But efforts to study the star will not stop there and will get a boost from foreign agencies as well. In the final week of 2020, NASA announced it approved two more such endeavors for this decade. And both have incredible names.
The first is called Extreme Ultraviolet High-Throughput Spectroscopic Telescope (EUVST) Epsilon. Don’t worry, there’s a short version for that: Solar-C EUVST. Handled by the Japan Aerospace Exploration Agency (JAXA), it is a solar telescope that will launch in 2026 to study how the solar atmosphere releases solar wind and drives eruptions of solar material.
The second is called Electrojet Zeeman Imaging Explorer, or EZIE for short, and it is a satellite departing in 2024 to study the electric currents in Earth’s atmosphere linking aurora to the Earth’s magnetosphere. It may not seem like it, but that is part of the space weather system that includes the Sun.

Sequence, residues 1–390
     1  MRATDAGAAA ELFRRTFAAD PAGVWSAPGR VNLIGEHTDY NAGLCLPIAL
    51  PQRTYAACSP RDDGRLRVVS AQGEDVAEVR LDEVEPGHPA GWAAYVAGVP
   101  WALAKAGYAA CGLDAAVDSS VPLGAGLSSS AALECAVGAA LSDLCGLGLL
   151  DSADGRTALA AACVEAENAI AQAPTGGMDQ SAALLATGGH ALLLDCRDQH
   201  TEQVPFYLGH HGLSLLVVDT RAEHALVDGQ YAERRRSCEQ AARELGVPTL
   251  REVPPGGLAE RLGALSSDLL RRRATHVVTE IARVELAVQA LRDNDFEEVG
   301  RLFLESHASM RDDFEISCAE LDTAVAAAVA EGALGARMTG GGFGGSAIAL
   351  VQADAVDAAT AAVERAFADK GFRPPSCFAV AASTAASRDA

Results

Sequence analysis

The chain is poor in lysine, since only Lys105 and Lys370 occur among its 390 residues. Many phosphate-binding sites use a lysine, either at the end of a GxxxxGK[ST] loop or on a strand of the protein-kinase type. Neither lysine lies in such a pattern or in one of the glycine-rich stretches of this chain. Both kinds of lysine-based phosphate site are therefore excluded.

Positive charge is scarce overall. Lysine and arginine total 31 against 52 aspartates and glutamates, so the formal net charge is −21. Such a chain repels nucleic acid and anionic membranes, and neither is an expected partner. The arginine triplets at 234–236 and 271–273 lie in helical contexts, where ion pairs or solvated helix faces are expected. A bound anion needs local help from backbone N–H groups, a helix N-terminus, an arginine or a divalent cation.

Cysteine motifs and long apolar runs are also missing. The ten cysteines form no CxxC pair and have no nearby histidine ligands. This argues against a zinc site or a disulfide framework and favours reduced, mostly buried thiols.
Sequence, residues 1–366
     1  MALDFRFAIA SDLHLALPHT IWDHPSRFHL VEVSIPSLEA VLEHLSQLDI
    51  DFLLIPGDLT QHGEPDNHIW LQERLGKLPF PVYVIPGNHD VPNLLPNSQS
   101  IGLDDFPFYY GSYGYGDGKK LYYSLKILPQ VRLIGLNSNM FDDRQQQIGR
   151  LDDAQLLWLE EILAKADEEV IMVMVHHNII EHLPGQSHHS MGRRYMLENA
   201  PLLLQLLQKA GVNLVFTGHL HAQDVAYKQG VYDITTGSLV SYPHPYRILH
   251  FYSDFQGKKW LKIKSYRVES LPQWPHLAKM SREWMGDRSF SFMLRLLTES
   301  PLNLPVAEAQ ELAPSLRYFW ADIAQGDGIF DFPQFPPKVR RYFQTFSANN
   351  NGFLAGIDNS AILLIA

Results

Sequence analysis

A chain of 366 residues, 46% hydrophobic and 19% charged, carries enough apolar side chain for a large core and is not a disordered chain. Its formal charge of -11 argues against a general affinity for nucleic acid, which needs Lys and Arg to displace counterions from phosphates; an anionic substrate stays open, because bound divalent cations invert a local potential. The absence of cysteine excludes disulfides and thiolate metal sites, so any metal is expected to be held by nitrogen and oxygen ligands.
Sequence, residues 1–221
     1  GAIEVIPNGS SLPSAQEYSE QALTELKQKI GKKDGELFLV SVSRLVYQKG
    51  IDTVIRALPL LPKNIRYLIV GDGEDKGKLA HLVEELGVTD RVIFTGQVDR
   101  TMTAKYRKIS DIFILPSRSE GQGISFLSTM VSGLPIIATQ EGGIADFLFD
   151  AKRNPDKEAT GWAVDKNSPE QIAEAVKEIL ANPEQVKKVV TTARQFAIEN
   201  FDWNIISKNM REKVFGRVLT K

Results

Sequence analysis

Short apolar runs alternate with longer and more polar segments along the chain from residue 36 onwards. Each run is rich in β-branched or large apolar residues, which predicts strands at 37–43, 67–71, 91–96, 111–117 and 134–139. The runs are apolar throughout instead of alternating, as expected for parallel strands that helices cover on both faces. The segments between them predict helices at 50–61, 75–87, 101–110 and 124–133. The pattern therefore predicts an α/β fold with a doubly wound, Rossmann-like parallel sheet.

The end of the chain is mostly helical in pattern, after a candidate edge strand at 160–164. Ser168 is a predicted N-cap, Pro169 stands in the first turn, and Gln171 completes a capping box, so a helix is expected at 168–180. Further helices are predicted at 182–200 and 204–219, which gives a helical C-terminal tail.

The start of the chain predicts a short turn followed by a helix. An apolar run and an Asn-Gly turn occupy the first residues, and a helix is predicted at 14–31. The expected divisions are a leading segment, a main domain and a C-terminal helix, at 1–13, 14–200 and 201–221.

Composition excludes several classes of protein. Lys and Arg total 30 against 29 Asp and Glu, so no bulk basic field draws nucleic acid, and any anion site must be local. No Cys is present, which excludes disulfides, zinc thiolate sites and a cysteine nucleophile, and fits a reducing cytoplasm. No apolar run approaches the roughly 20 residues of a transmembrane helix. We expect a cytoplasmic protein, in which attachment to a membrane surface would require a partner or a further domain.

“We are very pleased to add these new missions to the growing fleet of satellites that are studying our Sun-Earth system using an amazing array of unprecedented observational tools,” said in a statement Thomas Zurbuchen, associate administrator for science at NASA Headquarters in Washington.
“In addition to my enthusiasm at selecting a pioneering multi-point observatory focused on the auroral electrojets, I am particularly excited to follow up the success of the Yohkoh and Hinode solar science missions with another international collaboration with JAXA and other European partners on EUVST.”